Marc L. Moskowitz. The Haunting Fetus: Abortion, Sexuality, and the Spirit World in Taiwan. Honolulu: University of Hawaii Press, 2001. viii + 206 pp. $49.00 (cloth) ISBN 0-8248-2354-0; $17.95 (paper), ISBN 978-0-8248-2428-0.
Reviewed by Charles B. Jones (Department of Religion and Religious Education, School of Religious Studies, The Catholic University of America)
Published on H-Buddhism (August, 2002)
The Haunting Fetus is a well-timed book, coming as it does close on the publication of several books and articles on the topic of mizuko kuuyou, the ritual of presenting offerings to the spirits of aborted fetuses in Japan. With the appearance of so much scholarship on this subject by such distinguished scholars as William LaFleur and Helen Hardacre, it is natural to wonder whether this phenomenon has made an appearance anywhere else in East Asia, and, if so, to what extent it resembles or has any connection with the Japanese ritual.
Marc Moskowitz's book affirms that, indeed, such rituals have made their appearance in modern Taiwan under a number of guises, and his fieldwork and research place it within an entire network of contexts: social change, attitudes toward sexuality, ritual practices, representations in popular media, changes in family structure and dynamics, and modernization, to name a few. He also amply demonstrates the variety of meanings, attitudes, and practices that make up this ritual complex among the ritual technicians that provide the service, the clients who pay for it, and the population at large.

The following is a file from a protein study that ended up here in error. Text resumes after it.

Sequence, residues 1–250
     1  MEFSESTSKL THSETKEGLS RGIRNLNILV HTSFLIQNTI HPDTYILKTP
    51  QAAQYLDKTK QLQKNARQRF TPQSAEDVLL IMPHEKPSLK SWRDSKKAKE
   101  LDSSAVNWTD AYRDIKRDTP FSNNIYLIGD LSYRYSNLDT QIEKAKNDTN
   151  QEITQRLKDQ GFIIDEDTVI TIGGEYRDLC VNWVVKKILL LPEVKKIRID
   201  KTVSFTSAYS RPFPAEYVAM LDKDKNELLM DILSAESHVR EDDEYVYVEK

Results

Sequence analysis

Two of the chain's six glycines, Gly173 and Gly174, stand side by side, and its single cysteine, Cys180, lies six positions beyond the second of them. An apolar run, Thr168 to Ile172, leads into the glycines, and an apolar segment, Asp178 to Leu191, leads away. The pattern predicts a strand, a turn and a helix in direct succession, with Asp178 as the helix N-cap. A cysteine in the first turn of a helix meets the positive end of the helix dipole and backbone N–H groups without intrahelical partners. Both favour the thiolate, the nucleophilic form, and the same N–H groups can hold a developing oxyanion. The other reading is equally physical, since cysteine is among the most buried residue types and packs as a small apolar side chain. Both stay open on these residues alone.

At the center of this study is a ritual, or more accurately, a ritual type called yingling gongyang, or "making offerings to the spirits of [aborted] fetuses." This is a practice that seemingly crosses the borders between religious traditions, or rather presents itself in the guise of various religious traditions according to the sympathies and worldviews of the purveyors and clients. Thus, there are masters who represent themselves as Buddhist or Daoist in appealing to their prospective clientele and in explaining the meaning of the act of making offerings. For the most part, these are independent operators not affiliated with any larger organization such as the Taiwan Taoist Association or the Buddhist Association of the Republic of China.
After introducing the subject in chapter 1, Moskowitz delineates the general context in chapter 2. Individual sections of this chapter deal with the rising abortion rates in Taiwan, trends in family planning, prostitution, inequality in family structures and divorce laws (all of which favor the patriline and give wives almost no rights), prefernce for male progeny, religious beliefs, and the role of men (especially the fathers) in demanding abortions and in participating in the offerings afterward.
The author goes on to present the popular hypothesis that this ritual was imported from Japan and adapted to Taiwan sensibilities in chapter 3. I happened to be in Taiwan at the time I read the book, and an informal polling of friends and associates certainly confirmed that this is the majority opinion, and that this opinion serves to distance the practice from "native Taiwan" identification. In other words, since so many in Taiwan find it distasteful or superstitious, they would rather think of it as foreign than consider the possibility that it arose from within. Moskowitz shows, however, that some sort of offering to the spirits of dead infants is attested to in literary sources as far back as the Han dynasty. Nevertheless, Moskowitz shows that the ritual, as it now exists, is largely due to the pressures of rising population, urbanization, and shrinking family size. That these trends are similar in both Japan and Taiwan has meant that the Taiwanese have looked to Japan for models in formulating the rituals and in prompting people to seek them out. While those who would prefer to think of the practice as foreign may find their bias confirmed by the author's findings, they should be aware that he also points to ways in which they have adapted the ritual and made it their own.